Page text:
[Show abstract][Hide abstract] ABSTRACT: Despite considerable efforts, description of molecular shape is still largely an unresolved problem. Given the importance of molecular shape in the description of spatial interactions in crystals or ligand-target complexes, this is not a satisfying state. In the current work, we propose a novel application of alpha shapes to the description of the shapes of small molecules. Alpha shapes are parametrized generalizations of the convex hull. For a specific value of alpha, the alpha shape is the geometric dual of the space-filling model of a molecule, with the parameter alpha allowing description of shape in varying degrees of detail. To date, alpha shapes have been used to find macromolecular cavities and to estimate molecular surface areas and volumes. We developed a novel methodology for computing molecular shape characteristics from the alpha shape. In this work, we show that alpha-shape descriptors reveal aspects of molecular shape that are complementary to other shape descriptors and that accord well with chemists' intuition about shape. While our implementation of alpha-shape descriptors is not computationally trivial, we suggest that the additional shape characteristics they provide can be used to improve and complement shape-analysis methods in domains such as crystallography and ligand-target interactions. In this communication, we present a unique methodology for computing molecular shape characteristics from the alpha shape. We first describe details of the alpha-shape calculation, an outline of validation experiments performed, and a discussion of the advantages and challenges we found while implementing this approach. The results show that, relative to known shape calculations, this method provides a high degree of shape resolution with even small changes in atomic coordinates.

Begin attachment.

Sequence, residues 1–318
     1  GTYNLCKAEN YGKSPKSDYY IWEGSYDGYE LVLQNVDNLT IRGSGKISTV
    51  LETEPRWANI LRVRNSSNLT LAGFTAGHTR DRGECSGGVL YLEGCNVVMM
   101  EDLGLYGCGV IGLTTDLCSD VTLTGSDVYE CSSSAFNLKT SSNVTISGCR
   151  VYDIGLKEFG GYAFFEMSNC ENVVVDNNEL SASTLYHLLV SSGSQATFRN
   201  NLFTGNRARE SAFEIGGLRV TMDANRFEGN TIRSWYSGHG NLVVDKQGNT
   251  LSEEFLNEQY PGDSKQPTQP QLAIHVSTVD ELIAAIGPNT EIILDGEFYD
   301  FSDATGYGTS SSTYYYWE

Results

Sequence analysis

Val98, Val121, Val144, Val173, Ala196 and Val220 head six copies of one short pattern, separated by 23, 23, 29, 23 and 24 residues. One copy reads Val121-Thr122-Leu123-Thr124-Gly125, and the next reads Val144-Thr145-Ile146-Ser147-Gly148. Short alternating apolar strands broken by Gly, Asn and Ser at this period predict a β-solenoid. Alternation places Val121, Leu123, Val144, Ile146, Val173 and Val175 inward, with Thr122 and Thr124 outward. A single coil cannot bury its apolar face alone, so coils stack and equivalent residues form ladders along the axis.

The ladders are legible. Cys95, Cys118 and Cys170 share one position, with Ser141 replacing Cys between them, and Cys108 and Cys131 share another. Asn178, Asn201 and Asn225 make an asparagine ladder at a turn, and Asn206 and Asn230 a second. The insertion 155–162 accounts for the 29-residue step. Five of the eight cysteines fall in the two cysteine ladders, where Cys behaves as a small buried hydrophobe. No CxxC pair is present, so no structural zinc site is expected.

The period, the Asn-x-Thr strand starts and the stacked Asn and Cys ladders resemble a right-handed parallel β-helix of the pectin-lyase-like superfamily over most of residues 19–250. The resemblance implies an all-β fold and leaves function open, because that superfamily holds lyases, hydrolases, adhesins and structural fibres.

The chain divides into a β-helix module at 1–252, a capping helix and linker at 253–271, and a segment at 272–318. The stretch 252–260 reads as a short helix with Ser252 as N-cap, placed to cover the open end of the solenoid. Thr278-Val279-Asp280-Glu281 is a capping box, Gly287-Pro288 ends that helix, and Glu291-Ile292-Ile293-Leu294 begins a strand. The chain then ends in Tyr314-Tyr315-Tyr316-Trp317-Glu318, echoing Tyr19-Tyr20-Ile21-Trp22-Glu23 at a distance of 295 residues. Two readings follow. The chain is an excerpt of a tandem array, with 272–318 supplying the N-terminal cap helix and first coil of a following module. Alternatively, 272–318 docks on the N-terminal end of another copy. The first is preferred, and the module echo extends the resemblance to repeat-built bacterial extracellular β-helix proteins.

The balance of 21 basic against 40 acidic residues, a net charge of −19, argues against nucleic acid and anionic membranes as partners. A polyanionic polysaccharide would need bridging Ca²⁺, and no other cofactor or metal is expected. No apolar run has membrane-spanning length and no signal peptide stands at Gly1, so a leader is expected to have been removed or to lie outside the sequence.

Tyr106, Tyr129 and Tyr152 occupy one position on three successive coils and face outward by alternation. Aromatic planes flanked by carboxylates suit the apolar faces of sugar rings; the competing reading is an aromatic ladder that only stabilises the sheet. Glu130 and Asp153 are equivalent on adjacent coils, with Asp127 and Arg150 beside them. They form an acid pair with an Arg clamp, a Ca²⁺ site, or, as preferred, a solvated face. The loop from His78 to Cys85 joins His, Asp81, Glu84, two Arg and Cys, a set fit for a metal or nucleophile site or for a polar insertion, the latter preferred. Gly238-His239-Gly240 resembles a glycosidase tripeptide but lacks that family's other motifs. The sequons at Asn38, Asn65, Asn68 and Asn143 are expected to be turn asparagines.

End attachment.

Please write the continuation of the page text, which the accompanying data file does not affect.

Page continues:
Journal of Chemical Information and Modeling 09/2009; 49(10):2231-41. DOI:10.1021/ci900190z · 3.74 Impact Factor